March 23, 2009

All Business Is Not Equal

About this time during tax return filing season, CPAs begin making a list of all the clients who have yet to bring in their tax return information. Then they begin calling and begging; “Please get your tax information in to us as soon as possible. If we don’t receive it by April 1st we might not be able to get your return completed by the April 15th filing deadline” (keep in mind there are no additional fees for this). Many clients ignore these idle threats, as they know that most accountants and their staff will work day and night, weekends included, to serve their clients and meet their expectations; even though they are incurring additional costs for overtime and other expenses. Much of this last minute work is in fact, less profitable than the work that can be scheduled in the ordinary course of business.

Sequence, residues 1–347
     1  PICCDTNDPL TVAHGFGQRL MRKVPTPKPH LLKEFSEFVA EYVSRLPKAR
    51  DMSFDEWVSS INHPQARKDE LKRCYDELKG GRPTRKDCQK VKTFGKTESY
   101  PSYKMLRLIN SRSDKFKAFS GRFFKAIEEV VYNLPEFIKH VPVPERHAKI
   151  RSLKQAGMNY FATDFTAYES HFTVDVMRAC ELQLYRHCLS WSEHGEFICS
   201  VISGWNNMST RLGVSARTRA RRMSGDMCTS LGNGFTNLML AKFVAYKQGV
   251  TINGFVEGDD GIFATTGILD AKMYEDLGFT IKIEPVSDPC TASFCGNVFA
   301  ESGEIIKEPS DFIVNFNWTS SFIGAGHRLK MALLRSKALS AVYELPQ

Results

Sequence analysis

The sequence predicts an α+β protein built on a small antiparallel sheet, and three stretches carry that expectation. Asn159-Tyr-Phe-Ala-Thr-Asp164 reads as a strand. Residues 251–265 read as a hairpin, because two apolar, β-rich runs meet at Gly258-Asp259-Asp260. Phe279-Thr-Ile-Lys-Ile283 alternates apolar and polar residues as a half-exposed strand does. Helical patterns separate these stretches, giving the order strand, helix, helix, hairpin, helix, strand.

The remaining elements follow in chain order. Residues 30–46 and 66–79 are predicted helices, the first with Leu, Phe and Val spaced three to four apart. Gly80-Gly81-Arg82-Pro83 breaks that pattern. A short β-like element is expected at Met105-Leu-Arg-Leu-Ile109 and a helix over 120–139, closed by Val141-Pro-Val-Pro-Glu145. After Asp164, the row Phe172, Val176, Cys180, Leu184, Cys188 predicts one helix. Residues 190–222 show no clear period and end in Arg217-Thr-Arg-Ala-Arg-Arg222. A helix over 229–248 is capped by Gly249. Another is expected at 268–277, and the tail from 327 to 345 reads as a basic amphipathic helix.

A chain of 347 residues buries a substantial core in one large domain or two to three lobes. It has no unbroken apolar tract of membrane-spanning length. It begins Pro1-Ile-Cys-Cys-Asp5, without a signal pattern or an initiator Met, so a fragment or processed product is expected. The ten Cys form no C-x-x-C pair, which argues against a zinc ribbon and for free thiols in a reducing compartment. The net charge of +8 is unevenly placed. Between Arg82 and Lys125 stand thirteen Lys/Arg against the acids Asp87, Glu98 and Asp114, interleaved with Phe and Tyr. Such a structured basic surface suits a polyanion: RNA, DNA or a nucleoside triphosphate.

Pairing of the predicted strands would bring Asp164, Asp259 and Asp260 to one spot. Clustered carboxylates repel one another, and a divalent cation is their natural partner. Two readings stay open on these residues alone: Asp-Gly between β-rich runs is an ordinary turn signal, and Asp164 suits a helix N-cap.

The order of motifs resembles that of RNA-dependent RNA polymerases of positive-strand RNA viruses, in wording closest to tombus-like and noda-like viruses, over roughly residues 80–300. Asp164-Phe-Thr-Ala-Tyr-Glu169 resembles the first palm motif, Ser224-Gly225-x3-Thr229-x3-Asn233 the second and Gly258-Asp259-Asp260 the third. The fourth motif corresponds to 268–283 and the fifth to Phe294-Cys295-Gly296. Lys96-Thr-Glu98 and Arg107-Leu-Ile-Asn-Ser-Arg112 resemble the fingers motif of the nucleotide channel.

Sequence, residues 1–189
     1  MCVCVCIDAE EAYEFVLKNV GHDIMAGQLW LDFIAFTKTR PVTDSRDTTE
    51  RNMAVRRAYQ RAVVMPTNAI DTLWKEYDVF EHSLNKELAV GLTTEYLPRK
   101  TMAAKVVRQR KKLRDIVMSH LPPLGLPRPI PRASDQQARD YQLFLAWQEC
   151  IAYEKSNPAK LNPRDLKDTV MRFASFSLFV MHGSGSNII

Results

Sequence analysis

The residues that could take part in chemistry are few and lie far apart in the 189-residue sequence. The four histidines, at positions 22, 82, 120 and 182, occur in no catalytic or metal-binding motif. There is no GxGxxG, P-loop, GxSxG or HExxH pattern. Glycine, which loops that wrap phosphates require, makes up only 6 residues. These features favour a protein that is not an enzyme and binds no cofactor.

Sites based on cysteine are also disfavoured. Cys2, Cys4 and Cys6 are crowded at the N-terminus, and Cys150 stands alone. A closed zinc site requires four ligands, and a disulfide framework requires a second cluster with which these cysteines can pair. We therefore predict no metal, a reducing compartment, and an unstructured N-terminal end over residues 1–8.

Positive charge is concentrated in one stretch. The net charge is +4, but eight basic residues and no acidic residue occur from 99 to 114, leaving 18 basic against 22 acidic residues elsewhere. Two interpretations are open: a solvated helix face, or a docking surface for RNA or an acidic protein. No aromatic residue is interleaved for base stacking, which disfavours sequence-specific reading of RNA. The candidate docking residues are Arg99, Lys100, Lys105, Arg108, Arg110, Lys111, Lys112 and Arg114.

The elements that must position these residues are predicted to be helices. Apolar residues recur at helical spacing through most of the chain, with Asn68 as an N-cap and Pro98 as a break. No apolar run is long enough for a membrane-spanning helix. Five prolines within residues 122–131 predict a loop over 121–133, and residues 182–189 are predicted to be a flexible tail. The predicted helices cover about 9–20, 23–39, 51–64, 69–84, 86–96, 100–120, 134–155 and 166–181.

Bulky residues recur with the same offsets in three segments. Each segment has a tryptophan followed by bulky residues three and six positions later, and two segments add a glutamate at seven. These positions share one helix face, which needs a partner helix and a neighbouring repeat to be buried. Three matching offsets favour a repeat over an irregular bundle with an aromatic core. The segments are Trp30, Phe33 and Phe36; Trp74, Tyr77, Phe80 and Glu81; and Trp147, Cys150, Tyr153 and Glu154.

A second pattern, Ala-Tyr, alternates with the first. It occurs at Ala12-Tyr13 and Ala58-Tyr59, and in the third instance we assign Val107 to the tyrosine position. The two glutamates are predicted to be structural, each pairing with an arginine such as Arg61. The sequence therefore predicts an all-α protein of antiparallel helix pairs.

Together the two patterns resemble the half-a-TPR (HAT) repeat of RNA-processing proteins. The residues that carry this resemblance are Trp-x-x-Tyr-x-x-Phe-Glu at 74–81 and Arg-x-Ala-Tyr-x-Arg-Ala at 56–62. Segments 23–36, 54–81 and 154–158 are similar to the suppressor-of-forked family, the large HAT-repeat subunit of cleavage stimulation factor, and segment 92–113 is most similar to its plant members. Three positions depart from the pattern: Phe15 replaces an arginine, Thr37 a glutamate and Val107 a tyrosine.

Most CPAs charge the same rate regardless of when work comes in, or when the services are performed, even when incurring additional expenses. All work is not the same, and CPAs should charge additional fees for work that is more difficult to complete because of client procrastination. Here's the policy I recommend you use to manage the last few weeks before tax filing deadline:

When clients wait until the last few weeks before the filing deadline to bring in their information, we incur additional overtime pay and expenses to get tax returns completed by the due date. Returns that come in after April 1st will be billed a XX% surcharge to cover these additional expenses. We sincerely appreciate your business and thank you for your understanding.

Typically accountants ask me what the surcharge should be. I suggest 50% as it would be enough to get most clients’ attention. Of course any clients that don’t want to pay the additional fee can simply bring their work in on time. Give it a try, it just might work!

If you have any thoughts or comments, or if you have any other ideas to get clients to bring in their information earlier, share your ideas.